An article by ShareSoc member Michael Taylor
In light of the recent Burford Capital judgement that my friend Paul de Gruchy has written about in detail here, this has led to much debate about shorting, some of which I hope to add to here in this article.
Is shorting bad? Yes and no. It can be.
A broker who goes short on a stock then offers to conduct an equity placing for the same company in order to close their position is clearly blatant value destruction. Should a broker really be taking a position against its clients, and using its client base as a carrot in order to entice the company to raise some cash? Probably not.
Should individuals do that? Many traders close out their shorts in placings. It’s legal, and there is nothing to stop anyone from doing so. In my opinion there is nothing wrong with this – it’s a two-way market and if you’re able to bet on an asset going up by virtue of being long, you should be able to bet on it going down by taking a short position.
In my opinion, this is fair. Shorters can provide an obstacle to rampant bullishness. When bulletin boards are full of hundreds of posts a day, all claiming that the share is a sure thing to skyrocket (many of these are multi-ID handles, often conversing with each other), often shorters are the only dissenting voice to provide a balance. Unfortunately, that balance is often overwhelmed.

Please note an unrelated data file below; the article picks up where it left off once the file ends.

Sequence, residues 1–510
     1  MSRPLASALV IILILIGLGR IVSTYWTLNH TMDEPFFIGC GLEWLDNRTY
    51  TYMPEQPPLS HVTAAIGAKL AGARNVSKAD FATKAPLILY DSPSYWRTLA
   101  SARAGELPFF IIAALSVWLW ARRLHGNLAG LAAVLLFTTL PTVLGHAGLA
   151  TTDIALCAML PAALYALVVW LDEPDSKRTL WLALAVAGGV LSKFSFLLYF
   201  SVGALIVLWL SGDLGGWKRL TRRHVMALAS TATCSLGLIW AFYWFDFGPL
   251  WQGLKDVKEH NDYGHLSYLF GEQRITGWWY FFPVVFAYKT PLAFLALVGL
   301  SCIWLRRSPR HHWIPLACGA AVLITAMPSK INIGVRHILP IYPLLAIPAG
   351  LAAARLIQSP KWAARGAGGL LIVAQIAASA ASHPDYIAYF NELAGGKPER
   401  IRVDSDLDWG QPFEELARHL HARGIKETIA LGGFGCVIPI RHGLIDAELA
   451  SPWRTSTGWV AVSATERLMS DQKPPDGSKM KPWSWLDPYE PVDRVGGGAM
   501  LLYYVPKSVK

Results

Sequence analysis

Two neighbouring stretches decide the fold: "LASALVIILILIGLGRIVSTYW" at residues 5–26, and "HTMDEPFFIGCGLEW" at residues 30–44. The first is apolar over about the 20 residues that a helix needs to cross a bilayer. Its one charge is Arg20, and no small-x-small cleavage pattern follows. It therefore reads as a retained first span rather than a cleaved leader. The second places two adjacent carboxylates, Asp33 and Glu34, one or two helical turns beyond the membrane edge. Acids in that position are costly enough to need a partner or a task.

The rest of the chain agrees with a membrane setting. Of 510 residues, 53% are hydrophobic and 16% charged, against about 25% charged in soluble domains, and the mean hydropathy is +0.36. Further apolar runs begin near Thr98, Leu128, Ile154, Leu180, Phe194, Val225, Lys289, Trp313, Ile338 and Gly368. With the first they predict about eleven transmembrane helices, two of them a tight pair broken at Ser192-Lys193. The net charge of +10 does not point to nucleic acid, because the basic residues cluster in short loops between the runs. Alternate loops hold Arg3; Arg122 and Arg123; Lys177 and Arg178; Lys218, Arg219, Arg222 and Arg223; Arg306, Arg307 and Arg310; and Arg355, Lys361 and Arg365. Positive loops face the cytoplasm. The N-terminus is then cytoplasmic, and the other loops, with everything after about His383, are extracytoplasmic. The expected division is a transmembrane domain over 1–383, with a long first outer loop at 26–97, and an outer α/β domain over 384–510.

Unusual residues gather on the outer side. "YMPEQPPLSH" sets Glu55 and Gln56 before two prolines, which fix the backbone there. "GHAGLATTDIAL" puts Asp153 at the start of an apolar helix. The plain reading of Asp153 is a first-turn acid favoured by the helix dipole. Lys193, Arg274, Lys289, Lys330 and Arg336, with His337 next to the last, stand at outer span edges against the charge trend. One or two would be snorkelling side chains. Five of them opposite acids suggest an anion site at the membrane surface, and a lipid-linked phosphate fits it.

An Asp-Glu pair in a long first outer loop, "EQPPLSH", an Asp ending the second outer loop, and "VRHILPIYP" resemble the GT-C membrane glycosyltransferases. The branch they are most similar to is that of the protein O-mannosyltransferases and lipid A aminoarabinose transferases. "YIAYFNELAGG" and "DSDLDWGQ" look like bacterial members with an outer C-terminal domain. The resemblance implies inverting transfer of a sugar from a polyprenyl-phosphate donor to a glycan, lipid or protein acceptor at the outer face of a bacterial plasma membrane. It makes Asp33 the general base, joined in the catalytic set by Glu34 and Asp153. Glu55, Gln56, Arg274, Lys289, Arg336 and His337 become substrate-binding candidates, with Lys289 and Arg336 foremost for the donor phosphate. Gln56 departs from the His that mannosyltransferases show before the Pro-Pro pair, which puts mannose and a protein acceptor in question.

Positive feedback loops
When a share price rises, those who are long begin to believe they were correct, and because they were correct, this reinforces their belief in the stock. They spread the story to others, who see a rising price and assume the stock must be good. They buy in, and the spread continues – much like Coronavirus – as newly infected believers jump on board.
At some point, even the most stubborn of shorters can’t fight this pandemic – and only a fool would try to do so. Rather, it is best to wait for the blow off top and for punters to awaken from their drunken stupor, before fading the move.
Burford Capital and Muddy Waters